Everyone has their calming place. A place where their thoughts can dissipate and they can return to a moment of tranquility, even if its momentary. For me, that place has always been museums. Maybe its because they are quiet, or filled with beauty, or they hold physical evidence of what is possible, of potential, of creation. Whatever it is, museums are my safe place and I certainly have ones that are more so than others. The International Center of Photography is not on the top of that list (I am partial to a more expansive space – give me the Turbine Hall on my worst day). But yesterday, in a moment of needing to find a way to recenter, I found myself near the ICP with a few moments to spare and decided to give it a try. And I have to say it worked.
On the top floor there is the exhibition ‘A Short History of Photography: From the ICP Collection Honoring Willis E. Hartshorn, Ehrenkranz Director’. There are some beautiful photographs in this exhibition including Eugene Atget’s 1922 photograph of Notre Dame and Harry Callahan’s ‘Eleanor’ from 1950. There is Louise Lawler’s ‘Untitled’ (Gold Jackie) from 1993 and Martha Rosler’s ‘The Bowery in Two Inadequate Descriptive Systems’ from 1975, both which challenge the use of the photograph, pushing its conceptual possibilities. But there is also a large showing of political and historical photographs, both documentary and conceptual. The exhibition shows works by Cornell Capa, Vik Muniz’s ‘Memory Rendering of Kent State Shooting’ from 1995 as well as an image from the Abu Ghraib prison by an unidentified photographer.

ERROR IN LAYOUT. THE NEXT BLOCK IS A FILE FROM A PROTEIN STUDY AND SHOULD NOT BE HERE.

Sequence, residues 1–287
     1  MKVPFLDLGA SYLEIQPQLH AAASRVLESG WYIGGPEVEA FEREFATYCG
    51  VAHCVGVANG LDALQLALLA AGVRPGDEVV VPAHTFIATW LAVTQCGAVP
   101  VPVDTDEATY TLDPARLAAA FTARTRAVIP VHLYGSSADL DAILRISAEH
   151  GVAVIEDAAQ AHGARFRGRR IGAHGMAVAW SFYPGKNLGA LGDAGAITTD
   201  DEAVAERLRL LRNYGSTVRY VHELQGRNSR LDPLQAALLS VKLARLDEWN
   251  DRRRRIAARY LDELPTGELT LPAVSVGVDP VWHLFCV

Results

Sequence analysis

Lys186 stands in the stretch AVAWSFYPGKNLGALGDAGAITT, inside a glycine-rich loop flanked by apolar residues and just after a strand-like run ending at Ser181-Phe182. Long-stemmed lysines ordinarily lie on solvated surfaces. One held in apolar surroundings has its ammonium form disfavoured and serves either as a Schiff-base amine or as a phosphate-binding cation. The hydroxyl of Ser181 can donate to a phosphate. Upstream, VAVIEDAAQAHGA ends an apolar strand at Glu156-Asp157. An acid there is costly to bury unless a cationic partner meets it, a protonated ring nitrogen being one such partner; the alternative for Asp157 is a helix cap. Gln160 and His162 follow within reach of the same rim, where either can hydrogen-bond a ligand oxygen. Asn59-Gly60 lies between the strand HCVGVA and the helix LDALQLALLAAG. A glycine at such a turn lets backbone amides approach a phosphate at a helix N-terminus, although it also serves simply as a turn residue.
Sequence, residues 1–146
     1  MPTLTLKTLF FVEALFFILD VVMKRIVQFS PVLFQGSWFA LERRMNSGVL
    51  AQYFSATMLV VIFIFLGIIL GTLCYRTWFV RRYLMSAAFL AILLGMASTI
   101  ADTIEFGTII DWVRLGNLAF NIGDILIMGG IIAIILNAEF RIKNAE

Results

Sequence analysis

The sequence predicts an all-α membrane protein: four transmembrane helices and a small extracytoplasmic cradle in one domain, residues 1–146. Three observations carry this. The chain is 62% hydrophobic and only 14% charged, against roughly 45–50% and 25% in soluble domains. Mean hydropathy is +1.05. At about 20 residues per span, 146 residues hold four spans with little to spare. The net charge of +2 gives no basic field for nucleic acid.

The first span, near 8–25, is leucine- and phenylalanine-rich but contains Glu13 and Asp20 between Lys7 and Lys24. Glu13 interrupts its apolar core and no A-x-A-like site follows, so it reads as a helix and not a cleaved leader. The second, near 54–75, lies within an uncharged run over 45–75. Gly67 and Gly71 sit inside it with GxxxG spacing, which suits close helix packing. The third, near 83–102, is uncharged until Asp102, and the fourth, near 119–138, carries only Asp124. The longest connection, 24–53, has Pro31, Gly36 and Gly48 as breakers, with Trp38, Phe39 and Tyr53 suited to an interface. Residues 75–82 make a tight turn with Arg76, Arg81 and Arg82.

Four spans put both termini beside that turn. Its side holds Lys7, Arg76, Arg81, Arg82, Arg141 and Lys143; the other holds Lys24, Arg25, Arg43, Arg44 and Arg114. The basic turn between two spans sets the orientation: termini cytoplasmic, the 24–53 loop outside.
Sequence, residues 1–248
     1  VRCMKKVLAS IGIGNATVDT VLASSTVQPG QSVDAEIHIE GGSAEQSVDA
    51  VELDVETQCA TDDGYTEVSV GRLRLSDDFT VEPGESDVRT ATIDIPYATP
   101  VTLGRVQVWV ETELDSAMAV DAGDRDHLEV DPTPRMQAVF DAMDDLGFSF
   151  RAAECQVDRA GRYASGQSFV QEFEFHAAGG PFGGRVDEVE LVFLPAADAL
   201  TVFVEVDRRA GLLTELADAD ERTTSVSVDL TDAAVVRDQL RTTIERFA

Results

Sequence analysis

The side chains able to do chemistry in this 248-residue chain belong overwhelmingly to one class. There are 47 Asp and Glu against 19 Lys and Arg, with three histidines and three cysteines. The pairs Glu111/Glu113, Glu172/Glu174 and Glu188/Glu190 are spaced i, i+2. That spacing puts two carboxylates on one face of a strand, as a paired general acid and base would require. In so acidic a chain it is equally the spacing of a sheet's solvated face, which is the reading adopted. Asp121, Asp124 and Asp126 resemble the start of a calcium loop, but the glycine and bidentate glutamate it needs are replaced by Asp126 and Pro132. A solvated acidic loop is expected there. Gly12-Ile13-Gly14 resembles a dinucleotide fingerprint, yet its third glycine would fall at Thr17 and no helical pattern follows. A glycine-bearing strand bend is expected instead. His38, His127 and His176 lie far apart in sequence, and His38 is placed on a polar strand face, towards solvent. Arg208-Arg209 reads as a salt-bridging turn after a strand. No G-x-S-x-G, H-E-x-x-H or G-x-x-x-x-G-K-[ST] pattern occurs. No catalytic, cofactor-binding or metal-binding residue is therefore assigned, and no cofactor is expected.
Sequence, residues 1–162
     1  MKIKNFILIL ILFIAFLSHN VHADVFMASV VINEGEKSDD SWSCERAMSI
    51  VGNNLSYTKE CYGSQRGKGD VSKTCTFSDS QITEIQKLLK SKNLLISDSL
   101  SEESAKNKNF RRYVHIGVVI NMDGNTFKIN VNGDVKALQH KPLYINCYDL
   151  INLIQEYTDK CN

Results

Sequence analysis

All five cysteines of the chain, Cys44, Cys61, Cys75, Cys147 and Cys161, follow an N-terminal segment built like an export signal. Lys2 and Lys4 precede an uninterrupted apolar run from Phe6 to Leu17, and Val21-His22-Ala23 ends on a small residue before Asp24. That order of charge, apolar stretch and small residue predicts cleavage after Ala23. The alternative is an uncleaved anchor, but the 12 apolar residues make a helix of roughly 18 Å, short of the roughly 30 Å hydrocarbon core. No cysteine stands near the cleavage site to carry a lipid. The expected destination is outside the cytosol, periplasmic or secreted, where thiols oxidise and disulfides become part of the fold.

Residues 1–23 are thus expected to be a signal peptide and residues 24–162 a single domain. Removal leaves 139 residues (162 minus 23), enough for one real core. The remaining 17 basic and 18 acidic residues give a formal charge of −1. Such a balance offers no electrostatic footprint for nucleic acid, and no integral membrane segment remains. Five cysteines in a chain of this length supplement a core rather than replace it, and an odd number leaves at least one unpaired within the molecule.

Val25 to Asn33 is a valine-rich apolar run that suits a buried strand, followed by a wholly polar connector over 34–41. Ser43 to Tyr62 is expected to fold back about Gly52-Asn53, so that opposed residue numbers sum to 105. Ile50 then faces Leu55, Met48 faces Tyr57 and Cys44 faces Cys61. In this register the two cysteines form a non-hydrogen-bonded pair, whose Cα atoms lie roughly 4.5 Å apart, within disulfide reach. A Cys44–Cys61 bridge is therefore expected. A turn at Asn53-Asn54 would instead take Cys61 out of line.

The show is wide-ranging, throw some iconic images by Stephen Shore, Robert Frank and William Eggleston in there as well. But it is well worth seeing. The uses, practices and aesthetics of photography are so diverse. Digging into the ICP’s collection is a good way of re-exploring this. By referencing Walter Benjamin in the show’s title it also hones in on the idea that the medium of photography, regardless of how you employ it, is all about the act of seeing.
Downstairs is a much smaller more intimate show, ‘Christer Stromholm: Les Amies de Place Blanche’. This is body of work by Stromholm, a somewhat unknown Swedish photographer, documents a group of transsexual street hustlers in Paris in the 1960’s who became the photographer’s community while he lived there. Its an intimate portrayal of both the subjects in the photographs and the city. These images were published in Sweden in the eighties and a book accompanied it and quickly sold out entering it into cult status. Stromholm’s personal texts as well embracing the importance of the freedom to choose how you live are equally beautiful and the book will be republished this year.